Revenge buying propels wedding biz

Wedding Travel Show 2022 brought together the two driving forces of the wedding industry, planners and hoteliers, in the serene beauty of Dehradun, where the session on ‘Confluence of Wedding & Hotel Industries’ witnessed a frank and lively discussion with panellists on pertinent topics related to the industry, ranging from price parity to industry status.

Lipla Negi

Matchmaking in a wedding is not just restricted to pairing the bride and groom. For a successful wedding, or to say wedding celebration, matchmaking of a wedding planner and a hotel (venue) is also equally important. Coupling the two driving forces of the industry at the Wedding Travel Show 2022, the panel on ‘Confluence of Wedding & Hotel Industries’ saw a lively discussion with panellists Arif Patel, CCO, ITC Hotels and Chetan Vohra, MD, Weddingline, craftly moderated by Rajeev Jain, Founder & MD, Rashi Entertainment. Hosted at Hyatt Regency Dehradun, the show witnessed the presence of top wedding planners, hotels, airlines and tourism boards of the country.

Describing the relationship between wedding service agencies and hotels, Jain quipped, “It’s like – we cannot live with or without each other – a typical husband & wife relationship.” He began the session by laying out the key matters that act as ‘bone of contention’ between wedding agencies and hotels. “Hotels complain about wedding agencies taking rates from 20 different hotels and then finally giving the business to none or one. On the other hand, agencies complain that hotels do not treat them as equal partners and make them pay for even the smallest things like tea & coffee for their staff,” he revealed.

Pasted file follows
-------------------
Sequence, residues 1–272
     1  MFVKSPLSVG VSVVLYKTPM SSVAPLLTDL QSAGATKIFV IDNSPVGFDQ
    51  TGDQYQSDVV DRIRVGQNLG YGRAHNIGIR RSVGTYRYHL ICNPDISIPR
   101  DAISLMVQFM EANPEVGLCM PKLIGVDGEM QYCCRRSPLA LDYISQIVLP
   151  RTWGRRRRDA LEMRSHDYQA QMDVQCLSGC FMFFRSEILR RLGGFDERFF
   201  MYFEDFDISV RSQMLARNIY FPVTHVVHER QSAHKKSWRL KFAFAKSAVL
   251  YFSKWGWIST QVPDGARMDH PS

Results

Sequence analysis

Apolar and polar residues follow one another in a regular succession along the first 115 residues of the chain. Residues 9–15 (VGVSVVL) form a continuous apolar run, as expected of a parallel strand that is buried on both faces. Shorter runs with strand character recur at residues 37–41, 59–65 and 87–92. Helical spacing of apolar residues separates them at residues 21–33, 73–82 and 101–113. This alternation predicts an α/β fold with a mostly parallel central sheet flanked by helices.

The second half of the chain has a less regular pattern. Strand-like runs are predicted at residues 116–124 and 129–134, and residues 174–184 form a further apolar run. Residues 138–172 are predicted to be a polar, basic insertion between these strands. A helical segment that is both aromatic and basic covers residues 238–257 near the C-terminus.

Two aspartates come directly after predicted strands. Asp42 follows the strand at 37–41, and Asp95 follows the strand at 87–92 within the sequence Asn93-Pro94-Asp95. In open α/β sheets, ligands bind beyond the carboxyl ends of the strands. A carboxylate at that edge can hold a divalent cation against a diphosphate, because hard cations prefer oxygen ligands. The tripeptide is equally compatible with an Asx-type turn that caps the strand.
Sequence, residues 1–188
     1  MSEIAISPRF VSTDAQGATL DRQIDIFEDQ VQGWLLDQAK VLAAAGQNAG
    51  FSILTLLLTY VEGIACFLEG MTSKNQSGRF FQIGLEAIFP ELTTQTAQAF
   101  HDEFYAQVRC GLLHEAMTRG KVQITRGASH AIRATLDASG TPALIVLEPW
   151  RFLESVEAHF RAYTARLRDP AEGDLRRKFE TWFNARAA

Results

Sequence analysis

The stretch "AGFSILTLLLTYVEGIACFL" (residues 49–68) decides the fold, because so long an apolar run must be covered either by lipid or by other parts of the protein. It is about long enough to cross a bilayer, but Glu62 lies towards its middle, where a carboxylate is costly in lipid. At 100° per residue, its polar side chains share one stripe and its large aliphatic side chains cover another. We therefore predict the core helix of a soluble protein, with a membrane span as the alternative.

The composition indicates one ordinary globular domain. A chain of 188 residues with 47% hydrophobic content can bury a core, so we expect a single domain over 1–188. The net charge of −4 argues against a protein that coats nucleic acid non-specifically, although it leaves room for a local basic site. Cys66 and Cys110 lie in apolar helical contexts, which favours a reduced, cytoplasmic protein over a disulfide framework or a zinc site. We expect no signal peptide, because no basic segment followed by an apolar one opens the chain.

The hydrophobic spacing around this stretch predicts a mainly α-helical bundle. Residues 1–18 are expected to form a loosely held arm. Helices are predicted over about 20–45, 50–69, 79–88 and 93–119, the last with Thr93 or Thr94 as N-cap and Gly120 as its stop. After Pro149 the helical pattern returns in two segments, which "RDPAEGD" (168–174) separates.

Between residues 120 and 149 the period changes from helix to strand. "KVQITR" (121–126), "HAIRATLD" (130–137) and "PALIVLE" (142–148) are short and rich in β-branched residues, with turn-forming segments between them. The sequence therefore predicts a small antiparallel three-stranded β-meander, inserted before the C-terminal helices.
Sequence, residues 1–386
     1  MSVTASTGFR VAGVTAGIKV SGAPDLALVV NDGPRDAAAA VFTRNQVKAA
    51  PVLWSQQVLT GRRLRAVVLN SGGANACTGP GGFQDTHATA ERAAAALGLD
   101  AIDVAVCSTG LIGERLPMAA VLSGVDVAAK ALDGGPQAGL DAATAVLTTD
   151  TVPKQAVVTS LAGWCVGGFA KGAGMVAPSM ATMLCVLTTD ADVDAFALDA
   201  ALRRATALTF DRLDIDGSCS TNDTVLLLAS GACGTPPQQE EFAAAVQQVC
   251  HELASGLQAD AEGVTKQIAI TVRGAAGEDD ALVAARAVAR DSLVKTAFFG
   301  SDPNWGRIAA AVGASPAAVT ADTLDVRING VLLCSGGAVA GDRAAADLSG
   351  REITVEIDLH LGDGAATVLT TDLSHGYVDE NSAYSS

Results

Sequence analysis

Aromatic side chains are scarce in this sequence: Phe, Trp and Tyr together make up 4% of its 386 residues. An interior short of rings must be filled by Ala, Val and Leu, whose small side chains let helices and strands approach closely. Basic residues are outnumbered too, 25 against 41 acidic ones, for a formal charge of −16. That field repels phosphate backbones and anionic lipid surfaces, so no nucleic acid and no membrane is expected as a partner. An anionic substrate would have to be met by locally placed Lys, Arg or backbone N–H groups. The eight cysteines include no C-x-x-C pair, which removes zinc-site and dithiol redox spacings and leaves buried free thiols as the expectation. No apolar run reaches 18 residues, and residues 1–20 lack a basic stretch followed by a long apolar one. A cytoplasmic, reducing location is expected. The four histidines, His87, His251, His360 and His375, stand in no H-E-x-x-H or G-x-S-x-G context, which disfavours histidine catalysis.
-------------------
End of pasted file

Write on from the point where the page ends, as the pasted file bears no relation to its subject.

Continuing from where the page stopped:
Transparency in pricing
On being asked about transparency in prices and commission to the agencies, Patel said, “In the organised sectors, everybody understands ‘price parity’. We also understand that commission is the cost of doing the business. While airlines and many other sectors have stopped paying commissions, we (hotels) are still paying standard commission, considering it as your (wedding agencies’) birthright.” Highlighting some of the common practices followed by hotels to ensure transparency & price parity, he informed that hotels nowadays ask for the names of bride & groom and wedding dates. On the question of hotels leaking the client leads that wedding planners share, Patel responded, “Once we get the names and dates, we maintain a complete price parity. For example, last week, a groom approached us via five different wedding planners. So we decided to leave it on the groom to choose his wedding agency. But we will maintain a price parity with all five planners. Commission, if there is any, is strictly a hotel and planner’s business and the client has nothing to do with it,” he revealed. Sharing his standpoint about price parity, Vohra said, “This is something we have personally experienced in the past. We shared a query with a hotel and a few hours later got to know that another wedding agency, which was never in the picture, got in touch with the client directly, and negotiated the wedding planning offering them competitive prices. So, it is not just about price parity. Hotels should work towards protecting the details of the client.”

The power of collaboration
Roping in Harkaran Singh, GM, Hyatt Regency Dehradun, the panellists collectively emphasized the power of collaboration. “Sometimes the agencies also do ‘rate shopping’ by giving fake names of bride & groom.

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